Family history: DNA test for ancestral connections

Just think how it would revolutionize family history research if a DNA test could tell us which regions of the UK we are descended from. Now a partnership of 100 DNA experts, Living DNA has compiled a database of results from the 2015 People of the British Isles project which created a genetic map of the UK.

DNA test

[photo: projectbritain.com]

The Living DNA test compares a person’s genetic markers with those from 21 distinct areas of the UK, including Cornwall, Norfolk and North Wales. The results are then displayed on an online platform, where there is the option to identify connections with a further 59 worldwide regions. The results are shown on a map with a guide to how far back each component of genetic material comes from; this gives genealogists the chance to verify the DNA findings with traditional paper-based research.

This post is inspired by an article in the November 2016 issue of ‘Who Do You Think You Are?’ magazine. More details here.

DNA test

Future novels in the ‘Identity Detective’ series will involve the use of DNA to find a missing relative. My heritage is in Yorkshire, my surname shared with a small Yorkshire village. So would my DNA point me to Yorkshire, or elsewhere? Read here about the village of Danby.

‘Ignoring Gravity’ by Sandra Danby [UK: Beulah Press] Buy now

And if you’d like to tweet a link to THIS post, here’s my suggested tweet:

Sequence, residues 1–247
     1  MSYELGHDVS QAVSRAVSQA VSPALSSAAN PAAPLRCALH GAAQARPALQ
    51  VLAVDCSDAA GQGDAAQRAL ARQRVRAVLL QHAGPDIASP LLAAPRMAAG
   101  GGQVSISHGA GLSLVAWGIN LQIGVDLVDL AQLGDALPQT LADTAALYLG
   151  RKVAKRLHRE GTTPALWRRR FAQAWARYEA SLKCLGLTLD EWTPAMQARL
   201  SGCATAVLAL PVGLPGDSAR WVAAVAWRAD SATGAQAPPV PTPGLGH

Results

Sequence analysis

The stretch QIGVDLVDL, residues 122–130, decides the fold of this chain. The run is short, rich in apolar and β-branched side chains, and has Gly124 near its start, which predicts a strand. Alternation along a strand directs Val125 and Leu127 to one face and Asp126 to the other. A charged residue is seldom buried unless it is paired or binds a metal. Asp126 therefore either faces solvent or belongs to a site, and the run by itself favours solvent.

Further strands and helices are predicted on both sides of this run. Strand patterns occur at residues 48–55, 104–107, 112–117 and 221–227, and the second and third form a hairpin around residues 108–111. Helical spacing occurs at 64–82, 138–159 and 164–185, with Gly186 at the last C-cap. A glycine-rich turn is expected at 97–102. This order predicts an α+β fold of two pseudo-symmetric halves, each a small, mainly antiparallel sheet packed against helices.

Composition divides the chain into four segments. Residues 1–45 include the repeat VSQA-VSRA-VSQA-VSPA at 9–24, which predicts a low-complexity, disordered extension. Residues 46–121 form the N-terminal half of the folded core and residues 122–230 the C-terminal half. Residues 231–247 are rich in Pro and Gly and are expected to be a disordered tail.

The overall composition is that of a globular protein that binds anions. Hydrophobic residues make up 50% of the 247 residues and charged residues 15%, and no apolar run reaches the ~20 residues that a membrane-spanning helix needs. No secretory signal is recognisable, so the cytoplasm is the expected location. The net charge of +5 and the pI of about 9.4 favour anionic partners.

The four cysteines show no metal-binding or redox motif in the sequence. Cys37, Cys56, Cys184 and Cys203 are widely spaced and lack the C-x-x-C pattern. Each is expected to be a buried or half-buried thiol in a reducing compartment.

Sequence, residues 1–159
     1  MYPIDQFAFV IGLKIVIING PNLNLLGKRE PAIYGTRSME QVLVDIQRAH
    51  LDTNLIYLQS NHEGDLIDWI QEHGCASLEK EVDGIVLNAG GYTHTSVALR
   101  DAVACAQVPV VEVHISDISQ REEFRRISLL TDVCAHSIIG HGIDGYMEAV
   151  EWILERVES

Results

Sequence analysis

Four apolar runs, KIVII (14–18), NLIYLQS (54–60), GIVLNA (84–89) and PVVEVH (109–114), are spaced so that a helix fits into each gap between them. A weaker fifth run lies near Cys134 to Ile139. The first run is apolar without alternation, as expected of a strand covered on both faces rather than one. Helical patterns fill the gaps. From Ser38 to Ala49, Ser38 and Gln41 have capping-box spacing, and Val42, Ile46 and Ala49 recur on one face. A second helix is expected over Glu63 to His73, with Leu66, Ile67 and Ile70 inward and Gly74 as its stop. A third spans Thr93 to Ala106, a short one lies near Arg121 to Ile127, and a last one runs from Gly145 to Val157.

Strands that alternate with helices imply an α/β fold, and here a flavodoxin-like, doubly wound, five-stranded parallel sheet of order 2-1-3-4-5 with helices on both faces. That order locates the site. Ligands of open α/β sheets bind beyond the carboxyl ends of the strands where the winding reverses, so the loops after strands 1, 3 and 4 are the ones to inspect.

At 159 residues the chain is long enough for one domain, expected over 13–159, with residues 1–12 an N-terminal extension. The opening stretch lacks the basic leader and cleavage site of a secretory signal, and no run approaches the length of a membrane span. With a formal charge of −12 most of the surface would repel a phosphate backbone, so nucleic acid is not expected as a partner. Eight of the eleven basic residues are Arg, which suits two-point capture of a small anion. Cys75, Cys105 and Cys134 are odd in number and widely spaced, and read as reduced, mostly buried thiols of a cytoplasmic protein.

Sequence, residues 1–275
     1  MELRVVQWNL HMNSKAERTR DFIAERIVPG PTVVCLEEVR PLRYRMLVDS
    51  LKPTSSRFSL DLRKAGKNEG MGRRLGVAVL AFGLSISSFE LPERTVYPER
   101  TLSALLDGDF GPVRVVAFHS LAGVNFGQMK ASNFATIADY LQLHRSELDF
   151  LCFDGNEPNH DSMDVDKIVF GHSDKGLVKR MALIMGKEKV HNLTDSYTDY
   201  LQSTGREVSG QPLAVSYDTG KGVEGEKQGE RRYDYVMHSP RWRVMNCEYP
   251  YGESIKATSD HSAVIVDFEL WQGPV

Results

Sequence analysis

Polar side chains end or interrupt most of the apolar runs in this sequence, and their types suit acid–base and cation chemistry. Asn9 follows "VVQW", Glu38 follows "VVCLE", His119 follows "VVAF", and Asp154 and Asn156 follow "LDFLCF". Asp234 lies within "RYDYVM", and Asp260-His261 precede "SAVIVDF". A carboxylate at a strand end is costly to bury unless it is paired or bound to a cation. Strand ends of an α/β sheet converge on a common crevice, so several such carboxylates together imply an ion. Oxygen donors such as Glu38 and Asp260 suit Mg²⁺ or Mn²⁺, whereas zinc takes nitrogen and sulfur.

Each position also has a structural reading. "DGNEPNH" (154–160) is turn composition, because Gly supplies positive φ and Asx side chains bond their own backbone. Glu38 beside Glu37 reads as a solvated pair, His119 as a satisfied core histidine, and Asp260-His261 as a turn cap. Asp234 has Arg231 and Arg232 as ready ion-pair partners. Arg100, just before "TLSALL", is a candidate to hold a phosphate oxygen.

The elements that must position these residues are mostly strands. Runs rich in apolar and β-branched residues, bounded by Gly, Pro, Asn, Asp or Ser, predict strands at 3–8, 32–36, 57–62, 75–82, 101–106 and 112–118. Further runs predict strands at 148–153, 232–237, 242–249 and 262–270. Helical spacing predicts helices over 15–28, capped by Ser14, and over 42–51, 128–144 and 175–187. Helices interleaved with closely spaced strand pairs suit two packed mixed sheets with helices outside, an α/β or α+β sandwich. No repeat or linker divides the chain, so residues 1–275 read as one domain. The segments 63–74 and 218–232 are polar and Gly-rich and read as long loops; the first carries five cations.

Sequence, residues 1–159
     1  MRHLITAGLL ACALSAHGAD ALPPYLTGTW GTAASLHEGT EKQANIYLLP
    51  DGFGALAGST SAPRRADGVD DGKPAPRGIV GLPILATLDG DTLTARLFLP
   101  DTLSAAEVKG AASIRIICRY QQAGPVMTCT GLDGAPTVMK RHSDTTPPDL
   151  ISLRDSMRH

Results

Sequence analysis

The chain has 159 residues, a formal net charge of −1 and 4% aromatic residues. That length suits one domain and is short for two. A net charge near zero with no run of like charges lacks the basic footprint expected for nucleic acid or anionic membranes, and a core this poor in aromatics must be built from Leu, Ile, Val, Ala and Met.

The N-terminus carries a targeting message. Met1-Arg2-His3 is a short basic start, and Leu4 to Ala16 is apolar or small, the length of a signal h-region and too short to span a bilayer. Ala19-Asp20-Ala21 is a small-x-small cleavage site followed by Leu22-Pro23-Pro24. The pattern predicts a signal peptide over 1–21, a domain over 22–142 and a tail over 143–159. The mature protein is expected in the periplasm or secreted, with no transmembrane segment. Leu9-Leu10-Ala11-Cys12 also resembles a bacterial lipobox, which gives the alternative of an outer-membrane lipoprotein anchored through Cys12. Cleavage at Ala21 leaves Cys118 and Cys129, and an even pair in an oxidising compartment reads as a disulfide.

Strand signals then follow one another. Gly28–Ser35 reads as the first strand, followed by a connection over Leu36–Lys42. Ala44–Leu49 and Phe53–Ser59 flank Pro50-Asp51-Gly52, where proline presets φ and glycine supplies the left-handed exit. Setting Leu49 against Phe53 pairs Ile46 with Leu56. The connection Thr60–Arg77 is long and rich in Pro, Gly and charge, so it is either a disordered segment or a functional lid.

Trace your geological ancestry with a DNA test #familyhistory via @SandraDanby http://wp.me/p5gEM4-2fb

Comments

  1. But don’t people say that you should adopt a DNA test with caution? They don’t just find your family history – they can also turn up all sorts of genes that lead to inherited diseases, which can be rather shocking news if you are just hoping to find out whether Granny was a Viking.

    • sandradan1

      Really it is another research option now available, if people should choose to use it. I’m not sure how widely DNA tests are used at the moment but it does potentially add another layer of information. And after all you could find out about inherited diseases through conventional genealogical research, as you might discover convicts and murderers amongst your ancestors. Family history research can be a mixed bag, not to be undertaken lightly. SD